NHF’s exposure to residential real estate includes both equity and debt. Through the REIT subsidiary, they own a single family private rental REIT that owns 7,000 single-family rental homes across the Midwest. They also invest in Freddie Mac securitizations. Additionally, they have a mortgage REIT subsidiary that owns preferred equity positions in 6 multifamily properties. NHF also owns a 5.4% stake in United Development Funding IV (OTCPK:UDFI), a distressed mortgage REIT whose manager Kyle Bass accused of fraud.

Performance and Distributions

NHF benchmarks itself against the Dow Jones Credit Suisse Hedge Fund and HFRX Global Hedge Fund indices instead of an index of publicly traded securities. NHF has outperformed hedge fund benchmarks over a three and five-year period. Note that, prior to 2013, the fund was run by an affiliate of the current manager.

The following table shows NHF’s performance through December 31, 2019.

Source: Fund Fact Sheet

Given how much discretion NHF management has in valuing its portfolio, we have to take NAV performance with a grain of salt. Ability to distribute cash is another important indicator of performance.

NHF reduced monthly distributions in 2016, but has kept them steady since then. However, in 2019, return of capital started becoming a larger component of NHF’s distributions. Currently, NHF still pays $0.20 per month in distributions, implying a 15% distribution rate.

Source: CEF Connect, Author’s calculations.

The stock price has trended downwards the past three years. This reflects the opaque portfolio and concerns they won’t be able to maintain distributions. Another area of concern is a series of scandals involving affiliates of the NexPoint, the manager of NHF.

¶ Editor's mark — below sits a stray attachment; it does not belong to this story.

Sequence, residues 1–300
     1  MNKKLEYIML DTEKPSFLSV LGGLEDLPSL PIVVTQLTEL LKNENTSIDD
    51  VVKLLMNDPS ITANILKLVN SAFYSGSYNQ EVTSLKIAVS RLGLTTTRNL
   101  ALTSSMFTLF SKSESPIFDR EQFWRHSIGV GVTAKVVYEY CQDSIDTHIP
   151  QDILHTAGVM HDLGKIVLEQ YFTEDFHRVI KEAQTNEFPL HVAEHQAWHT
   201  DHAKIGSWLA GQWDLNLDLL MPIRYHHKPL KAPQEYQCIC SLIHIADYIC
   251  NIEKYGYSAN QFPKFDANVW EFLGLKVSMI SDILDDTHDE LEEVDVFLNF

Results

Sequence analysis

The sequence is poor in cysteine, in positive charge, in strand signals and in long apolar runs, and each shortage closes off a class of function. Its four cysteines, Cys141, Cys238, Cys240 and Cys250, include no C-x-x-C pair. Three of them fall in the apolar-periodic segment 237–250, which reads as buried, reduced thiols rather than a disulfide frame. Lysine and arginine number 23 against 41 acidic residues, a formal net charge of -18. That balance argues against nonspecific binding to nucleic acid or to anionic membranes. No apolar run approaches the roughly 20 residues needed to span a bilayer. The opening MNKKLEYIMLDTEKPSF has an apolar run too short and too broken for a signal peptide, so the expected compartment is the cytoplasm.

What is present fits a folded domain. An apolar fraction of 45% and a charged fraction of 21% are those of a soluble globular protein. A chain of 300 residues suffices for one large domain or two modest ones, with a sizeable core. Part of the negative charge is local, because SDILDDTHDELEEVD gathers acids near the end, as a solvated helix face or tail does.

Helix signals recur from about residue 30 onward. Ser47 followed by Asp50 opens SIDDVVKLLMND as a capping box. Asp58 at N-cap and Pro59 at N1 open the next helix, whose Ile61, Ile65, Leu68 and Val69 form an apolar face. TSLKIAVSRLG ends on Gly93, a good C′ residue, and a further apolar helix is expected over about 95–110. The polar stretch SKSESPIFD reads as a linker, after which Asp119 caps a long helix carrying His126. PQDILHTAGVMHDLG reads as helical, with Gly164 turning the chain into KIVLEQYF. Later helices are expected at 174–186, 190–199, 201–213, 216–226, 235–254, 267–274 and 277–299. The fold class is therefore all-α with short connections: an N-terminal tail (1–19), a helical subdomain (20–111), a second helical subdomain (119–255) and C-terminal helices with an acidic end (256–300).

Source: CEF Connect

Affiliate Headline Risk

Highland Capital Management LP filed for bankruptcy in October 2019. The bankruptcy stems from pending judgments against Highland for their management of a fund during the 2008 financial crisis. Although this bankruptcy is legally unrelated to NHF, it is at best a distraction for management. Although Highland and NexPoint are separate entities, they are related through common ownership and overlapping executives and are part of the same investment platform.


NHF’s portfolio has several layers of potential value, and the fund is offering a tempting discount and yield. The exposure to unique real estate assets is rare in publicly traded assets. However, the lack of transparency into the performance of subsidiaries and the development progress at some of their assets is cause for concern. I’m not comfortable enough to buy yet, but I will keep monitoring the situation.

Disclosure: I/we have no positions in any stocks mentioned, and no plans to initiate any positions within the next 72 hours. I wrote this article myself, and it expresses my own opinions. I am not receiving compensation for it (other than from Seeking Alpha). I have no business relationship with any company whose stock is mentioned in this article.